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George Billis Gallery — now in a new location, 180 Post Road East — hosts an opening reception tomorrow (July 7, 5 to 8 p.m.).

“Ride the Wave” features 8 women artists, including Westporter Dale Najarian.

“Southampton Coastline” — oil on canvas (Dale Najarian)

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Round Pond is one of Westport’s most historic (and overlooked) sites.

Located near the Longshore entrance road — and across the street from the house F. Scott and Zelda Fitzgerald rented in 1920 — it was where social reformer Lillian Wald lived for many years. Eleanor Roosevelt was a frequent guest.

These days, it’s better known as a winter skating spot.

A small sign now notes its name. It’s in keeping with the beauty of the place — and a great image for today’s “Westport … Naturally” feature.

(Photo/Tracy Porosoff)

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Never heard of Hayley Jane & the Primates — this Friday’s Levitt Pavilion band (story above)?

Neither have I.

They’ve been around a while, apparently. Here’s a 2015 clip, from Bridgeport’s Gathering of the Vibes festival:

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Roundup: Robert Cray And Kindness Rock; Maserati Mishap …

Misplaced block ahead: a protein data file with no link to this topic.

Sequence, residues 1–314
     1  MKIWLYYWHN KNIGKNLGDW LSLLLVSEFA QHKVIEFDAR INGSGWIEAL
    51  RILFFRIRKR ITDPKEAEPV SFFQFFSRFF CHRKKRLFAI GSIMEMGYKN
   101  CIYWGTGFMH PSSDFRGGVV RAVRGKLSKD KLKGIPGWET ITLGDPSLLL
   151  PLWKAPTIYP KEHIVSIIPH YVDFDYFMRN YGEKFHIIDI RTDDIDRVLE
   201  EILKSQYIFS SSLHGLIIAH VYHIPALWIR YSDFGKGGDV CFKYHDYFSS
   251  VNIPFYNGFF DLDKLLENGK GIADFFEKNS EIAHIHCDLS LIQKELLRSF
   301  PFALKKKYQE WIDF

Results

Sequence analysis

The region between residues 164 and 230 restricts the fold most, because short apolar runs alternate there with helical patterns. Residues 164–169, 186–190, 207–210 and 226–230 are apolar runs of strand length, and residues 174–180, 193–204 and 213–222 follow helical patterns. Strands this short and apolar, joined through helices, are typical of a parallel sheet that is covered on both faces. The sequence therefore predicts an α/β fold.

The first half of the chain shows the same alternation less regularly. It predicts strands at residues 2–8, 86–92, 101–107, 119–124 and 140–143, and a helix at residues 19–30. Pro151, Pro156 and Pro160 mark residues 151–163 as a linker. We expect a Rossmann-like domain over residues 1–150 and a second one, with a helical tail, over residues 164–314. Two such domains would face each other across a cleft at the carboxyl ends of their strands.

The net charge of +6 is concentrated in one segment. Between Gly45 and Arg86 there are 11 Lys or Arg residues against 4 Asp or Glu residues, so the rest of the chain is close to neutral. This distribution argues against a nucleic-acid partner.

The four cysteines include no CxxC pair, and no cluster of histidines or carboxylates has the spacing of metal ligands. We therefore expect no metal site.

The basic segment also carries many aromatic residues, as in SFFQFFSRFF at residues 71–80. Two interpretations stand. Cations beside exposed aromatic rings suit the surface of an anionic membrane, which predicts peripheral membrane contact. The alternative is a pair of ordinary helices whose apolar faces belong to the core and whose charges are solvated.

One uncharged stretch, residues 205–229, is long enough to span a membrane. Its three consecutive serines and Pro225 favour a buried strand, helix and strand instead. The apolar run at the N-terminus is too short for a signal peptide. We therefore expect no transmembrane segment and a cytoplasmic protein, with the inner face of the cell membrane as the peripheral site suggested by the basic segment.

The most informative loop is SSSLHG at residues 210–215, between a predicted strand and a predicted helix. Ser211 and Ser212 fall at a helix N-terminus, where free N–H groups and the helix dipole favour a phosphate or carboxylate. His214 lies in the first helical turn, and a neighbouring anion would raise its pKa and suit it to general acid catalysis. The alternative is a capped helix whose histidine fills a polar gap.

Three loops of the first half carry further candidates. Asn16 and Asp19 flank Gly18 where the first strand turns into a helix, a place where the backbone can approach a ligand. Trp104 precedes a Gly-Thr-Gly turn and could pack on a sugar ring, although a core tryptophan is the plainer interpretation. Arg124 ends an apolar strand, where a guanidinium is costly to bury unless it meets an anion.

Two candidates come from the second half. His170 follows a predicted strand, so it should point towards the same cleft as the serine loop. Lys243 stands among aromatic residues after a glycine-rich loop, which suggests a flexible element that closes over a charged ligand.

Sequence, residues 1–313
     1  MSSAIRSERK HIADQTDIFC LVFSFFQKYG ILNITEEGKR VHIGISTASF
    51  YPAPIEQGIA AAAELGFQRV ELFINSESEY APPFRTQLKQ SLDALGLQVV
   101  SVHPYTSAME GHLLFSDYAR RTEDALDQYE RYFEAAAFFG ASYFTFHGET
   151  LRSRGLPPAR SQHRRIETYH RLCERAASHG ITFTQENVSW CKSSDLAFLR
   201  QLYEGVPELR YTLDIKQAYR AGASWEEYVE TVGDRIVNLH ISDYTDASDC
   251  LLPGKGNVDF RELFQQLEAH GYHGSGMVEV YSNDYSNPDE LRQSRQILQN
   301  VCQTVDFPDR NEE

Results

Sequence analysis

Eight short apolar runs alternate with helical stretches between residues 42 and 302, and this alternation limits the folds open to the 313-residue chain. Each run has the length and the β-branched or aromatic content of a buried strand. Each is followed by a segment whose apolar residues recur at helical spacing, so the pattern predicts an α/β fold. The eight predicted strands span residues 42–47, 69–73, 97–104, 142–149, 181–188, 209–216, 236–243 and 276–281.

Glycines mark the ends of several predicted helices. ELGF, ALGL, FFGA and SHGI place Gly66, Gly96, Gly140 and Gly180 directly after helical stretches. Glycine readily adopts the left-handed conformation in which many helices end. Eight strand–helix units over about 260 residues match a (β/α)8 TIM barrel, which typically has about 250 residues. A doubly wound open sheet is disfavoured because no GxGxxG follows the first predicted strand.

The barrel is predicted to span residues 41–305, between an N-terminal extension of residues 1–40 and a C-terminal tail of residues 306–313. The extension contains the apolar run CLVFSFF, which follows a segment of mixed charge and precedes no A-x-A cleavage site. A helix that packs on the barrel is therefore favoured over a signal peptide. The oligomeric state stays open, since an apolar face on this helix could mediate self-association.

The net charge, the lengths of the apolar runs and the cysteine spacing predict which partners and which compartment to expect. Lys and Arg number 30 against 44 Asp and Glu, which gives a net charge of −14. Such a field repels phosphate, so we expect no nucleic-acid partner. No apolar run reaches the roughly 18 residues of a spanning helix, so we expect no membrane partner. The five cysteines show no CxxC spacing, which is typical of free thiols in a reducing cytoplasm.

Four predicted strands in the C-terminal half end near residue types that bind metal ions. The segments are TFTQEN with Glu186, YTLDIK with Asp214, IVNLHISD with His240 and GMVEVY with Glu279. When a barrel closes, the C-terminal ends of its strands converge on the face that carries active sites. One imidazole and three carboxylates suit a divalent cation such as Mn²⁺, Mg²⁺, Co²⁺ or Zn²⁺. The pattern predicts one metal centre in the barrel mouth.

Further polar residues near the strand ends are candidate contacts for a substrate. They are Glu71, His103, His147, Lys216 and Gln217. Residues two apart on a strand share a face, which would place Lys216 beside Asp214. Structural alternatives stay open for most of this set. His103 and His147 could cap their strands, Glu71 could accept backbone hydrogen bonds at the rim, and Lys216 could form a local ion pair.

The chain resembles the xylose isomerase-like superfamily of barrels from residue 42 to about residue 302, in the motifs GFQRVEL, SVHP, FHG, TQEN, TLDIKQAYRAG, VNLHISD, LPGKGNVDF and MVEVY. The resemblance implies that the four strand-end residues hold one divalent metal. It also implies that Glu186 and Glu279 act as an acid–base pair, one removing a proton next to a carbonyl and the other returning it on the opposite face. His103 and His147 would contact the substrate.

The latest star to sign up for the Levitt Pavilion’s “Stars on Tour” series is Robert Cray.

The 5-time Grammy winner — whose American roots music has won him fans at concert halls, arenas and festivals around the world — plays Westport on Saturday, September 10 (8 p.m.).

Tickets are on pre-sale now for members. They’re available to the public on Monday (June 27, noon). Click here for details.

Robert Cray

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On a day when she was mourning the Supreme Court’s Roe v. Wade decision — and the polarization it has unleased across the country — Lynn Untermeyer Miller found this little bit of hope, in the garden near the Gillespie Center.

“You never know where you’ll find a little kindness,” she says.

(Photo/Lynn Untermeyer Miller)

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It’s been nearly a week since a Maserati was sideswiped on Hillspoint Road, between Schlaet’s Point and Old Mill Beach.

The damaged vehicle is not going anywhere. It doesn’t have to. It has a beach sticker, so it’s legally parked (if a couple of yards beyond the “No Parking” sign).

But other vehicles are going somewhere: around it.

Bike rider Jerry Kuyper knows how dangerous that curve is. He snapped a few photos.

(Photos/Jerry Kuyper)

Seems like every car has to cross the double yellow line to avoid the Maserati.

Except for the one that didn’t.

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It’s baby season, Amy Weiss notes, so woodland creatures are especially hungry.

She photographed this one — a frequent visitor to her kitchen door — for “Westport … Naturally.”

(Photo/Amy Weiss)

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And finally … Lynn Untermeyer Miller’s photo (above) inspires today’s musical selection:

Roundup: Shonda Rhimes, Moving Up, Pollinator Pathway …